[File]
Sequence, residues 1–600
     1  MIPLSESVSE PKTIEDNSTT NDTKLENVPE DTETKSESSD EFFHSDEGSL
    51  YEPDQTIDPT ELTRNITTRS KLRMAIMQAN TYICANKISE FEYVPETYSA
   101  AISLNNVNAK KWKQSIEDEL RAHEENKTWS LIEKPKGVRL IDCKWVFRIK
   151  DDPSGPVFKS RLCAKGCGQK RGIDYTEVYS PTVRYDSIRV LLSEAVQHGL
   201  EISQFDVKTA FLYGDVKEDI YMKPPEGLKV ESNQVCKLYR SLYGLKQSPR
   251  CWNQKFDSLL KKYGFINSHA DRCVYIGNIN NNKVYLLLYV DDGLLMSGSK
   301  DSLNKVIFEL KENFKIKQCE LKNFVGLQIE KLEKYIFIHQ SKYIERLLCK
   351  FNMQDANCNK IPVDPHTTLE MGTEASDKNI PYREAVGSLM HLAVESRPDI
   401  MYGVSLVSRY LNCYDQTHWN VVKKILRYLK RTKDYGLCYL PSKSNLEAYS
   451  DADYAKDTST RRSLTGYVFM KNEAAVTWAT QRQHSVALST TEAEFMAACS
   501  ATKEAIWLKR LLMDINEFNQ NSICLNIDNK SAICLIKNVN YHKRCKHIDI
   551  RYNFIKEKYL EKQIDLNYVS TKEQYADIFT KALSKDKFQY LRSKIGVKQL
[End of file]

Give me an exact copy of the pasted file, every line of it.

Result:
Sequence, residues 1–600
     1  MIPLSESVSE PKTIEDNSTT NDTKLENVPE DTETKSESSD EFFHSDEGSL
    51  YEPDQTIDPT ELTRNITTRS KLRMAIMQAN TYICANKISE FEYVPETYSA
   101  AISLNNVNAK KWKQSIEDEL RAHEENKTWS LIEKPKGVRL IDCKWVFRIK
   151  DDPSGPVFKS RLCAKGCGQK RGIDYTEVYS PTVRYDSIRV LLSEAVQHGL
   201  EISQFDVKTA FLYGDVKEDI YMKPPEGLKV ESNQVCKLYR SLYGLKQSPR
   251  CWNQKFDSLL KKYGFINSHA DRCVYIGNIN NNKVYLLLYV DDGLLMSGSK
   301  DSLNKVIFEL KENFKIKQCE LKNFVGLQIE KLEKYIFIHQ SKYIERLLCK
   351  FNMQDANCNK IPVDPHTTLE MGTEASDKNI PYREAVGSLM HLAVESRPDI
   401  MYGVSLVSRY LNCYDQTHWN VVKKILRYLK RTKDYGLCYL PSKSNLEAYS
   451  DADYAKDTST RRSLTGYVFM KNEAAVTWAT QRQHSVALST TEAEFMAACS
   501  ATKEAIWLKR LLMDINEFNQ NSICLNIDNK SAICLIKNVN YHKRCKHIDI
   551  RYNFIKEKYL EKQIDLNYVS TKEQYADIFT KALSKDKFQY LRSKIGVKQL